Indra Nooyi, former CEO of PepsiCo – who has long been celebrated for breaking the glass ceiling for women of colour – this week revealed in an interview that she has never gone out of her way to ask for a raise. In fact, she even turned down an offer during her time at the global food and beverage company.
Speaking to the New York Times Magazine, Nooyi recounted: "I think it's me, just me. I've never, ever, ever asked for a raise." It's a practice she finds "cringeworthy," she said.
"I cannot imagine working for somebody and saying my pay is not enough ... I never asked my board to give me more money."
This influenced her decision to decline a pay increase during an economic downturn.
"One year, the board gave me a raise and I said, 'I don't want it.' They said, 'Why not?' It was right after a financial crisis, and I said, 'I don't want the raise.'"
The remarks, however, raised concerns among business and talent leaders who saw Nooyi's views as detrimental to the fight for equal pay, especially for women. But her comments also play out in the context of CEO pay in a time of crisis.
Income inequality remains stark
Across industries and regions, discourse on executive compensation has been fraught with tension, particularly over hefty payouts.
Early 2020, however, appeared to have changed that, when senior executives took voluntary pay cuts just as the COVID-19 pandemic forced businesses to close down or cut back on costs.
Executive pay cuts ranged from five to 20% of their annual base pay. Other leaders, meanwhile, decided to forgo their executive salary altogether during quarters when their businesses were worst hit.
This action – similar in many respects to Nooyi's decision in the wake of a financial crisis – is seen as a way for executives to "share the pain" that most workers feel, a recent study published in the Journal of Accounting and Public Policy pointed out.
Despite all good intentions – amid headlines of CEOs taking salary cuts or refusing 100% of their pay last year – there remains a sizable gap between executive salaries and the salaries of entry-level and mid-level employees.
This is what, for many, makes Nooyi's views difficult to accept at a time when income inequality has grown more stark and when women, in particular, face a greater disadvantage.
For example, CEOs last year still earned 351 times the salary of the average worker – even as much of the world was reeling from the impact of the pandemic, data from the Economic Policy Institute, a US-based think-tank, revealed.
Women fighting for pay equity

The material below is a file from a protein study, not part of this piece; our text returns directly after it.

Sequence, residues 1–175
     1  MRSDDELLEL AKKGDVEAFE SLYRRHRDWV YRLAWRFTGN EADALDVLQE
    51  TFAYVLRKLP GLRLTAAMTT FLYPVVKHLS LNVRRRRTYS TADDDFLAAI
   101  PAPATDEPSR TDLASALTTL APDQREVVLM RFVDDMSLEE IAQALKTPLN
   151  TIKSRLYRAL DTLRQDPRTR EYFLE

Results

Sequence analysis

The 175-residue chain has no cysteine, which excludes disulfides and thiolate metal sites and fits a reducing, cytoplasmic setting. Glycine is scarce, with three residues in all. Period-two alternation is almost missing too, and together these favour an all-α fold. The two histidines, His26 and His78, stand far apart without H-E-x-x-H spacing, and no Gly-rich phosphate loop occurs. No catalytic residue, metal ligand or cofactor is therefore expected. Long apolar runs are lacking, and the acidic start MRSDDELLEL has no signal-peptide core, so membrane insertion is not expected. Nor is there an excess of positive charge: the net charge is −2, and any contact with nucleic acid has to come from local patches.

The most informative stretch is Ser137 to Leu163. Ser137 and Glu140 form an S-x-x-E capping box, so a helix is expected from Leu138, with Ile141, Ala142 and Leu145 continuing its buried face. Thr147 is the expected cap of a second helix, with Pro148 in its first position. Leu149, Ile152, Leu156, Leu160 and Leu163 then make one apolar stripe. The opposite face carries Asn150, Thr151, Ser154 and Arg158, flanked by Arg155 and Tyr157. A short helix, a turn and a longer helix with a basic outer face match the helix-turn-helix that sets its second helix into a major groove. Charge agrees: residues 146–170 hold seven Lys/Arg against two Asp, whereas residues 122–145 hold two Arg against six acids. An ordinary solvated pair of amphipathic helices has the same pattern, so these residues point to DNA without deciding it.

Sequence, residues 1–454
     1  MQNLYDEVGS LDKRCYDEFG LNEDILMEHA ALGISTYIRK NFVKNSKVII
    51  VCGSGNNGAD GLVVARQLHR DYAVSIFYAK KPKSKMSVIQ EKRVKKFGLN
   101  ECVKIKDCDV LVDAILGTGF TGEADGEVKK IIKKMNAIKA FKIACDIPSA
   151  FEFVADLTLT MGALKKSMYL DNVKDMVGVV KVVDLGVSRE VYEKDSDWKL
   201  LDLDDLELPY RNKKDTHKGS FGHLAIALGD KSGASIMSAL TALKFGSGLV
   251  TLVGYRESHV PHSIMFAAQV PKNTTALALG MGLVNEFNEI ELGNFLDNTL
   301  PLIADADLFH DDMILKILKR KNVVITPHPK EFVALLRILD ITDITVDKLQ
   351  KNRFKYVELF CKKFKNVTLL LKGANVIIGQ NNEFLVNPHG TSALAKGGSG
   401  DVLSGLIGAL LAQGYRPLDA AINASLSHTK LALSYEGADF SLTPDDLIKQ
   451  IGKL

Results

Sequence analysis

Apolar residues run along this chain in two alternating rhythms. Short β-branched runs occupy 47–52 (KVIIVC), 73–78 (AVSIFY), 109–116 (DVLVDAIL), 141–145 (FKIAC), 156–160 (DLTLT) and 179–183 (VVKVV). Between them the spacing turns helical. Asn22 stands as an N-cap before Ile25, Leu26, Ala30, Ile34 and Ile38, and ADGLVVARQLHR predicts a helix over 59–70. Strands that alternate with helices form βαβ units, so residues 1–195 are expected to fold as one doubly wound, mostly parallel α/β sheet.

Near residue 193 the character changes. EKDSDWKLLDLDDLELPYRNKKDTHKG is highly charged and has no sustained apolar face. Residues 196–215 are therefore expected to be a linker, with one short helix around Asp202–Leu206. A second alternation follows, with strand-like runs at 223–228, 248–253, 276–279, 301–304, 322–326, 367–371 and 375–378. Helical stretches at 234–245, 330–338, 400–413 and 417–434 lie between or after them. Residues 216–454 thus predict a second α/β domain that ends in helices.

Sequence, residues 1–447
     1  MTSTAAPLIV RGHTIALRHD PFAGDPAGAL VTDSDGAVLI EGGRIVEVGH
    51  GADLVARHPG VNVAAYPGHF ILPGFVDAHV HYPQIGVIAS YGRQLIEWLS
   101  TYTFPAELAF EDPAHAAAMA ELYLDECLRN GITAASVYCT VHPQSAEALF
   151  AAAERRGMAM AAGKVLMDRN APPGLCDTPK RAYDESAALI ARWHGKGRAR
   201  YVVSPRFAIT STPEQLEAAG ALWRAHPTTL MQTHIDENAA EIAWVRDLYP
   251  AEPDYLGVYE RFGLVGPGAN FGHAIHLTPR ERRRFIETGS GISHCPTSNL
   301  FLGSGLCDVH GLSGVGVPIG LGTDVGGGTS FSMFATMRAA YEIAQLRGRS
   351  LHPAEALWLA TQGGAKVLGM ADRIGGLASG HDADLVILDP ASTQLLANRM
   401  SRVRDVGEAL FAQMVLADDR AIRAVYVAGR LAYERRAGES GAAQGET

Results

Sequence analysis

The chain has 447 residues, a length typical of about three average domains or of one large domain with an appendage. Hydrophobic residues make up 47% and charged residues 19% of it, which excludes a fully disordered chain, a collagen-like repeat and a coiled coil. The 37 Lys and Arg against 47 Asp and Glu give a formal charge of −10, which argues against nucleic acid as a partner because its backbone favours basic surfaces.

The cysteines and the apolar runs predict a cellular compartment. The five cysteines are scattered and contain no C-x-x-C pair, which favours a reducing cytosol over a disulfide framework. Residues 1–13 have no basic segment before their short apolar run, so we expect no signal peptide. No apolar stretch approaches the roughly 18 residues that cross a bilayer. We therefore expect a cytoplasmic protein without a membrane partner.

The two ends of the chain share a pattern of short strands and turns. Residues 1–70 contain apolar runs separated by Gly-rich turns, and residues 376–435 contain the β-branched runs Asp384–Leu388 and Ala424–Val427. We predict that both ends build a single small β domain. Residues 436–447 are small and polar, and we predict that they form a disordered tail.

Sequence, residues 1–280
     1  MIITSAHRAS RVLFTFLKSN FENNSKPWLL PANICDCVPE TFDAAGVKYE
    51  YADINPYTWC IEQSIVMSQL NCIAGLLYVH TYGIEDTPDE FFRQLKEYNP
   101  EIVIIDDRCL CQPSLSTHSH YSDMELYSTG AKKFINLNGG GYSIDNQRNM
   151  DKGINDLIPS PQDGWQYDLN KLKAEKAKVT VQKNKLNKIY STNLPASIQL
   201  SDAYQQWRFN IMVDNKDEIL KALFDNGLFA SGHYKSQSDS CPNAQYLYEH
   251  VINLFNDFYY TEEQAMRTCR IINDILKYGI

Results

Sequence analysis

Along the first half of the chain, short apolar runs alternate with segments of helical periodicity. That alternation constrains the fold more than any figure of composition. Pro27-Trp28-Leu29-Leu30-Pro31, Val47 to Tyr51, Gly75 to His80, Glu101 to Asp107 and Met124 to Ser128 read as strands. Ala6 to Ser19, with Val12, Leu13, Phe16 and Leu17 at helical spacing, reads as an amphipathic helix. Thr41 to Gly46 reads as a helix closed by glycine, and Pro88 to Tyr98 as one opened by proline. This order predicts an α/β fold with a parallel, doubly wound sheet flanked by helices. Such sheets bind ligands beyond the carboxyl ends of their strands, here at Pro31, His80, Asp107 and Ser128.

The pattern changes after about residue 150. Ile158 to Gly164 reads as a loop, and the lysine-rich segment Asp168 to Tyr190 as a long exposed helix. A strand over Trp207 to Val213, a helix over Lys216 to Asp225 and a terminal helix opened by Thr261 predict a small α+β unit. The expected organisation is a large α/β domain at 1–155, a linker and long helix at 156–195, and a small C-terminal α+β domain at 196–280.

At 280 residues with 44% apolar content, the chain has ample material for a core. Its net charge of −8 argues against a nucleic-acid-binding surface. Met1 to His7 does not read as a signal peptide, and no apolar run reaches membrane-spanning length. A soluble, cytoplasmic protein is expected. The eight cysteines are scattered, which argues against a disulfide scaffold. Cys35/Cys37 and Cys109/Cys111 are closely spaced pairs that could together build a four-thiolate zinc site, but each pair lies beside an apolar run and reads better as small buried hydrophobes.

But Nooyi's refusal to ask for higher compensation also touches on the more specific issue of pay equity among women. When Nooyi stepped down as CEO in 2018, her own compensation package was purportedly nowhere near the pay grade for CEOs of most of the top US public companies. The highest-paid woman CEO at the time, Safra Catz of Oracle, was only number 33 on the list, Bloomberg reported.
Whether viewed from the top or bottom of the corporate ladder, income inequality brings with it a gender dimension, advocates of pay equity point out.
It's a notion that industry observers expect Nooyi herself would have been acquainted with – in her ascent as one of only a handful of women leading a Fortune 500 company.
As a figure respected by many for representing women and women of colour in the upper echelons of the corporate world, Nooyi's hesitation to speak up and advocate for fair pay potentially silences others who are hoping for greater equality – and equity – in the workplace.
In her time at PepsiCo, Nooyi was aware that her decision to avoid conversations on executive pay also affected the remuneration of those who worked for her. "Some of my reports would say to me, 'Your problem is you're not asking for more money, because our compensation is pegged to yours, and you're not asking for more,'" she said in the interview.
Across the online sphere, business and talent leaders are speaking out.
Sujata Mukherjee, a leader in India's education technology space, maintains great respect for Nooyi "for breaking the shackles" of women and leading their rise to the top.
However, Mukherjee believes some companies "constantly underpay" employees. "The insinuation that employees should not ask for a raise because they are paid enough is a slap in the face of the working class," she said.
Suzanne Lucas, an influential voice in the HR community, warned against Nooyi's approach. "I'm glad this worked for her [but] don't listen to her. You can ask for a raise. You may not get it, but you can ask."
Career coach Dorothy Dalton agreed. "[Nooyi's] comment comes from a place of extreme privilege," she said. "You can believe you are adequately compensated, but still encourage others to negotiate."